PHYS 408 HOMEWORK 6 SOLUTIONS

# A delta function model of a slit is dierent in that

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Unformatted text preview: 2 −02 −02 d k2 −(2π /Λ)2 d + 1i e 2i ￿ (2π /Λ)·x+0·y sin(2π /Λ) (56) ￿√ ￿ ￿ 1 i −(2π/Λ)·x+0·y i√k2 −(−2π/Λ)2 −02 d 2 2 2 ei k −(2π/Λ) −0 d − e e (57) 2i (58) single plane wave f (x, y ) = ei ￿ (π /2Λ)·x+(π /2Λ)·y ￿ (59) ˜ f (kx , ky ) = δ (kx − (π /2Λ))δ (ky − (π /2Λ)) g (x, y ) = ei((π/2Λ)·x+(π/2Λ)·y) ei =e i((π /2Λ)·x+(π /2Λ)·y ) i 11.3 e √ √ (60) k2 −(π /2Λ)2 −(π /2Λ)2 d (61) k2 −2(π /2Λ)2 d (62) delta-function slit, y -axis f (x, y ) = δ (αx) δ (ky ) ˜ f (kx , ky ) = |α| g (x, y ) = = ￿ dkx ￿ 1 |α| (63) (64) ￿ dky ei dkx ei √ √ 2 2 k2 −kx −ky d i(kx x+ky y ) e δ (ky )/|α| (65) 2 k2 −kx d ikx x (66) e 2 In the case of a vanishingly small slit, the transmitted beam intensity is proportional to sinc(x) , and approaches a constant, vanishingly small intensity about x = 0 (the pattern widens, with nodes going to inﬁnity). A delta-function model of a slit is diﬀerent in that it always admits some constant amount of light, due to the delta function having a ﬁxed area. Consequently, what we expect for g (x, y ) in the far-ﬁeld is purely harmonic – corresponding to constant intensity – and ﬁnite amplitude, here relating to α, which is the inverse ‘width’ of the delta-function. In the Fresnel approximation, the output function is g (x, y ) ≈ = ≈ ￿ 2 2 1 dkx eik(1−kx /2k )d eikx x |α| ￿ 2 1 ikd e dkx e−ikx d/2k eikx x |α| ￿ ￿...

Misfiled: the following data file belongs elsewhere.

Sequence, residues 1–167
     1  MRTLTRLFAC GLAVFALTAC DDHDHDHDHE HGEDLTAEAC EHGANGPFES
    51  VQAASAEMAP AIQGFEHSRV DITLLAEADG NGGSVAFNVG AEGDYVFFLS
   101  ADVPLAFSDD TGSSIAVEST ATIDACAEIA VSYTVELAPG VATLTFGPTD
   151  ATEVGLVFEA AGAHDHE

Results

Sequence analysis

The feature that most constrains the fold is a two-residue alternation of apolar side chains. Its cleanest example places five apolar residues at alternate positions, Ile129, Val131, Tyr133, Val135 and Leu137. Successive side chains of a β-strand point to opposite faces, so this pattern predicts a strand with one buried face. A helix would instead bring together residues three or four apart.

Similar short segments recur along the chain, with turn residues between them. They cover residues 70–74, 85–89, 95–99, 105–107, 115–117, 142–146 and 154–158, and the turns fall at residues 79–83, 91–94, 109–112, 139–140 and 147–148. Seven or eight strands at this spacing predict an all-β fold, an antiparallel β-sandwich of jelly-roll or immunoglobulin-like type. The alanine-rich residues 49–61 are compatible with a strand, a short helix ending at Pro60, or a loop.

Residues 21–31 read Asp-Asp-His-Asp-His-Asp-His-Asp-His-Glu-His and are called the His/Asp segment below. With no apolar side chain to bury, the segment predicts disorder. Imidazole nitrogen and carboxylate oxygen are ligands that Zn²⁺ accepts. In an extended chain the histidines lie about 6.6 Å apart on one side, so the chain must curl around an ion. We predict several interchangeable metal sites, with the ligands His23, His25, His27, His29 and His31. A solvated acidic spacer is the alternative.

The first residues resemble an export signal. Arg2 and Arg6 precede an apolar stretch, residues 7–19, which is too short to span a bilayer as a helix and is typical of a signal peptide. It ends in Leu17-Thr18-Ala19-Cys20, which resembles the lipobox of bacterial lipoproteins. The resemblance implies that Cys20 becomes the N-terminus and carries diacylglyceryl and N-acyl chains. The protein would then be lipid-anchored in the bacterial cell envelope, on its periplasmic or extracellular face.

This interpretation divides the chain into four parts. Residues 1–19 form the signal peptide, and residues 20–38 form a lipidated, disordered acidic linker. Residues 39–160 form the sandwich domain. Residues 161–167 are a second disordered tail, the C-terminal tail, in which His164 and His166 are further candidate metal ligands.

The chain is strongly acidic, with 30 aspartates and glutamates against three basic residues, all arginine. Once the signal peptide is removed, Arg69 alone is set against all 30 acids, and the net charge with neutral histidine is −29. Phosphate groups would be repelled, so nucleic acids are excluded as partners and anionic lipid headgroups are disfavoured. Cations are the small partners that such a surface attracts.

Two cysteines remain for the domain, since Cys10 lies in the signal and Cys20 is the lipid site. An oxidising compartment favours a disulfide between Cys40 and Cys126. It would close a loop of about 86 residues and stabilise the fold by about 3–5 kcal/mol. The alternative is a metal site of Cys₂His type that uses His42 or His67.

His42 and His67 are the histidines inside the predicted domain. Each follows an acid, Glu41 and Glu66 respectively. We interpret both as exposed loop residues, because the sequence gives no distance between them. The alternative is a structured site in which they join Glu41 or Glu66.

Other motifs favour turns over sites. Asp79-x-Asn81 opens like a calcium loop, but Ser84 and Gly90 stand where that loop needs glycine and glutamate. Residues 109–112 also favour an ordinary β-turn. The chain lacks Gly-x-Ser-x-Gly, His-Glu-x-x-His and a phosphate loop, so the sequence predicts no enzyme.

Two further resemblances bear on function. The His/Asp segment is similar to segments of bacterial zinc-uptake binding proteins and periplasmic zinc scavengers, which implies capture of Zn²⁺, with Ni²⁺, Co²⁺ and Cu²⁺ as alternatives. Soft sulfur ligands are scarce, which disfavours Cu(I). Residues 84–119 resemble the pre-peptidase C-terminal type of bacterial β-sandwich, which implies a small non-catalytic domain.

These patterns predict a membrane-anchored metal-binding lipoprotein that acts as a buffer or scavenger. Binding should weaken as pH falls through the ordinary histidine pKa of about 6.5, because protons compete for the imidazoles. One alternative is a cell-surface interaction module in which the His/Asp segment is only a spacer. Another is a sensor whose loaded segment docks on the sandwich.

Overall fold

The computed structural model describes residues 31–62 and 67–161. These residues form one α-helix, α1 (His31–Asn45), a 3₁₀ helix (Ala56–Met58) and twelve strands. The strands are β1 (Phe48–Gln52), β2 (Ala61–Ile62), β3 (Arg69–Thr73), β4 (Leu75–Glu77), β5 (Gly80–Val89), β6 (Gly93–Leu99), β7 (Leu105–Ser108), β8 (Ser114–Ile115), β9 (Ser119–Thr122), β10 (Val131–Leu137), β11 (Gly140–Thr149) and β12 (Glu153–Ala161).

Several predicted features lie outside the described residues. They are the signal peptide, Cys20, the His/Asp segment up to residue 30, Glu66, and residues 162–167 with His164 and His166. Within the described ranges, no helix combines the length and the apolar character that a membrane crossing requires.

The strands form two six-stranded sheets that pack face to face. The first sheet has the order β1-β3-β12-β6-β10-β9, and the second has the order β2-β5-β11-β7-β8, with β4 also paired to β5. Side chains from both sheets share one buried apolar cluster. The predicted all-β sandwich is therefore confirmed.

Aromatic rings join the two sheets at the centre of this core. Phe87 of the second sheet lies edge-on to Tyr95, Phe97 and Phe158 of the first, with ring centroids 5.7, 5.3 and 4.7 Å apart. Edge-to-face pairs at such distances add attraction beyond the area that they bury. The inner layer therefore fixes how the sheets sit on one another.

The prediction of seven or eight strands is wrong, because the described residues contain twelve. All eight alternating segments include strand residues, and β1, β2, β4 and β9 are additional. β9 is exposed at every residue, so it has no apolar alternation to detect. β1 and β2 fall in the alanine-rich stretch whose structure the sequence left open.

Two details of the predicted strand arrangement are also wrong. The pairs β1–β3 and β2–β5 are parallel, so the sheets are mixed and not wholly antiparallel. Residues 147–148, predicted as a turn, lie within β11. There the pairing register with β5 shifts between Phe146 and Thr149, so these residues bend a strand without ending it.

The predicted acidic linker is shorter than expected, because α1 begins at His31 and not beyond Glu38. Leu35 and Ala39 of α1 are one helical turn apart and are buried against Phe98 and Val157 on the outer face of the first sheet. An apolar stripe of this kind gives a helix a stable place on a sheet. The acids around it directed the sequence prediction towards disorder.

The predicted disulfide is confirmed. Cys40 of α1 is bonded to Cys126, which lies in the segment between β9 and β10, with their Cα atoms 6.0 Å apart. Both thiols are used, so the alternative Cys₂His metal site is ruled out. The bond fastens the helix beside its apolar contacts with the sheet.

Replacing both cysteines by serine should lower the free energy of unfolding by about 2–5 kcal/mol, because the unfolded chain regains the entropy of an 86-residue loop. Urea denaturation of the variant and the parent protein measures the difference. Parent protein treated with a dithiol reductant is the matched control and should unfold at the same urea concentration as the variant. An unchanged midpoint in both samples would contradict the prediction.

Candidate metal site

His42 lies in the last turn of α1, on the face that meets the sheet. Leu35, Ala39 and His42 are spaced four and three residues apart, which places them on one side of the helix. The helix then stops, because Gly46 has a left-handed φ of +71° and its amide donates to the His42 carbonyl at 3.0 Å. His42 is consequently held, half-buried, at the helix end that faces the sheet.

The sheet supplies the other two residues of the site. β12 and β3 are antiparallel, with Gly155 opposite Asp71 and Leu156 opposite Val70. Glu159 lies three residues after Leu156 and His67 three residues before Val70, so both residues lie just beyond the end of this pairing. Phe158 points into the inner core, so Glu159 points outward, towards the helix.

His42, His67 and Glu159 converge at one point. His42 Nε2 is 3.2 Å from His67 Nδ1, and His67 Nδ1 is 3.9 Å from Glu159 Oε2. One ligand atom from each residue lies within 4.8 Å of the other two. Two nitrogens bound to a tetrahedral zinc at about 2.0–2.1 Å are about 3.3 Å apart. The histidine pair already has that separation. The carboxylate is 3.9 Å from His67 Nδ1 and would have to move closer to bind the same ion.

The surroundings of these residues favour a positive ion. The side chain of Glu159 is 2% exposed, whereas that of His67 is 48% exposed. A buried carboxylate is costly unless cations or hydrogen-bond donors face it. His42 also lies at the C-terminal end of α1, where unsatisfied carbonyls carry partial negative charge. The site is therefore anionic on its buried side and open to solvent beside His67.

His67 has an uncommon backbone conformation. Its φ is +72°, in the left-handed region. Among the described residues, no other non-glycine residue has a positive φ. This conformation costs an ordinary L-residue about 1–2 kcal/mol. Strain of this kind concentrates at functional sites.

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## This document was uploaded on 03/11/2014 for the course PHYS 408 at University of British Columbia.

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